The Dishwasher: Vampire Smile
Posted 2 years ago By kingquagmire - David Collins
Microsoft’s Dream-Build-Play program is easily one of my favorite competitions. It pushes the Indie crowd to strut their stuff in an attempt to break out of the independent mold and into a more mainstream limelight. In 2007, we were given The Dishwasher: Dead Samurai from Ska Studios.While it still felt like an Indie title, playing through it made it tough to imagine that Ska is pretty much a one-man band. James Silva’s side-scroller up did two things: It gave us a fun, if not slightly rough, beat ‘em up and also, by winning Dream-Build-Play, it pushed the man behind it to grow. And grow he did, as evidenced by the sequel, The Dishwasher 2: Vampire Smile...
I know, it’s a little odd to be more focused on the growth a developer rather than the game itself. However, when I was done slicing and dicing my way through Vampire Smile, that was the overall vibe I was left with. Essentially, Dishwasher 2 isn’t all that different of an experience from its predecessor. You still run through each level, eviscerating foes with a multitude of weapons and/or magic. But what shines through is how refined the experience is this time around. It doesn’t have that “Indie Game” feel to it that Dishwasher 1 couldn’t shake, regardless of its Xbox LIVE Arcade status.
For this outing, the focus is on Yuki. Remember her? She was the cyborg assassin (and The Dishwasher’s sister) that was pestering our titular hero in the first game, ultimately meeting her demise at the end of his blade. The story picks up with her death, or resurrection, as the case may be. Unfortunately, the story itself is probably the weakest part of the package, with still-frame graphic novel cut scenes laying out a tale of nightmares, planetoid destruction, and revenge. Wait, that should be UBER BLOODY AND OFT TIMES SURREAL REVENGE!!11!! Ok, get the point? The cannon fodder narrative is quickly over-looked and pushed to the back of the line by the absolutely insane inner workings of one James Silva.
The action relies on a simplistic control scheme that makes everything flow rather well. An attack button, a chainsaw button (YES!), a grab button and of course the age-old jump button. The triggers facilitate the machine gun and magic. The key is combining all of it as creatively as possible to keep the attacks flowing the the point totals climbing. Disposing of enemies have never felt so chaotic. Get five or six of them (or more) on screen at the same time and then start dishing out the damage, culminating in a long chain of finishing moves as you drop them in a perfectly synchronized dance of death. Now, actually seeing this dance will be tough as the copious amounts of blood splattering everywhere will soon overtake the entire screen.
If blood disturbs you, Vampire Smile is not the game for you. The dark, water-colored art style as a whole is one disturbing, surreal experience after another. From the twisted insane asylum nightmare world to the freak show parade that makes up the boss lineup, one can only hope we never gain the dream-hopping abilities of Inception as this game demonstrates that there are some minds we should not venture into. And I say this in the most heartfelt, joyous, pat-on-the-back sort of way that I possibly can. It’s twisted, but fabulous at the same time. And trust me when I say that your initial impressions of the first few stages are nothing compared to the genre-hopping you’ll find later in the game. I’ll just leave it at that.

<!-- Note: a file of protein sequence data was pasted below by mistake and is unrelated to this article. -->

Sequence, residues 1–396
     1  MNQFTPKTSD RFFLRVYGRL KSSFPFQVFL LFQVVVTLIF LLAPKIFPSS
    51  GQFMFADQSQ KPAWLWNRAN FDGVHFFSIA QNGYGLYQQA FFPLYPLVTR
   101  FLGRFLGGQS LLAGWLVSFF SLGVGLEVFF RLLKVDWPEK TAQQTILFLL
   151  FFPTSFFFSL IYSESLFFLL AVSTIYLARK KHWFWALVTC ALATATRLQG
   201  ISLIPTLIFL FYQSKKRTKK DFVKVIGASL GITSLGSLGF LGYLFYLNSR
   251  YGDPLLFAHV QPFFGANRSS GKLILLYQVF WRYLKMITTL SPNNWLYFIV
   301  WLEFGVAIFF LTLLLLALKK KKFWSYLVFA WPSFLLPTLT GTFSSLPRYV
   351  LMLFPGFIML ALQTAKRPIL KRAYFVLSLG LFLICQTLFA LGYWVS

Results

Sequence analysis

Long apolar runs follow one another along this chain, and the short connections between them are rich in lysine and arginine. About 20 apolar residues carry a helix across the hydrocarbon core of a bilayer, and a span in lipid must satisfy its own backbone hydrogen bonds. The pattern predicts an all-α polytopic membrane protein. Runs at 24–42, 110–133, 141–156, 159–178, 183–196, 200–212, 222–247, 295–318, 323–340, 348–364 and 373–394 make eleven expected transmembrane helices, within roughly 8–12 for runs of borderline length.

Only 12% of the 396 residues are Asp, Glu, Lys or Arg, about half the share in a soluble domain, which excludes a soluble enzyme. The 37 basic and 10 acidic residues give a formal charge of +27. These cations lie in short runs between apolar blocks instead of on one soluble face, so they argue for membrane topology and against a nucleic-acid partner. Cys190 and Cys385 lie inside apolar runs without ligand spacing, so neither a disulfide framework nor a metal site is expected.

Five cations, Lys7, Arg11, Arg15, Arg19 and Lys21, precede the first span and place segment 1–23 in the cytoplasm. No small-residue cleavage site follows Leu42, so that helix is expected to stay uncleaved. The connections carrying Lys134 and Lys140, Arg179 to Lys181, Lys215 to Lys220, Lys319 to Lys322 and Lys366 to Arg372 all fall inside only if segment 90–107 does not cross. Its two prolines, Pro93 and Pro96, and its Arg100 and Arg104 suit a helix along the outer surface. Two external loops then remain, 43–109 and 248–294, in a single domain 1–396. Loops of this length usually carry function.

The Dishwasher: Vampire Smile did exactly what it needed to. It took all the visceral fun of the first game and honed it until it gleamed and glinted like the morning sun reflected off a sword blade. Now, if this is a genre that tickles your fancy, Vampire Smile is certainly at the top of my recommendation list. But, if you didn’t like The Dishwasher the first time around or if the side-scrolling beat ‘em ups just aren’t your thing, I highly doubt this sequel will do much for you. It’s more of the same, only a lot more fluid. Gone is the guitar peripheral support, replaced by a rhythmic button press mini-game. Where The Dishwasher felt a bit restrained and clunky, Yuki is a lot more graceful, dancing like liquid death (although you can play this one with The Dishwasher as well). The magic, weapons, and items have been expanded and flesh the whole thing out considerably. The Arcade mode has returned and is better than ever, giving you a ton of different arena to defeat with a preset character and load-out. And the multiplayer is present and accounted for as well.
But perhaps the best thing that Vampire Smile does is show how much a budding developer can learn over time. The last four years have been good to Ska Studios. As I said, the gist of the game remains the same, yet the vibe is much more professional. Kudos to James and the rest of his team at Ska. If this is any indication of what’s to come, you can put me down in the “Excited” category!
+ Much more polished over the original
+ Guitar peripheral support gone!
+ Fabulously twisted art style
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Release Date : 2011/04/06
System : Xbox 360
Publisher : Microsoft Game Studios
Developer : Ska Studios
Category : Action
ESRB : M
7.0 / 10
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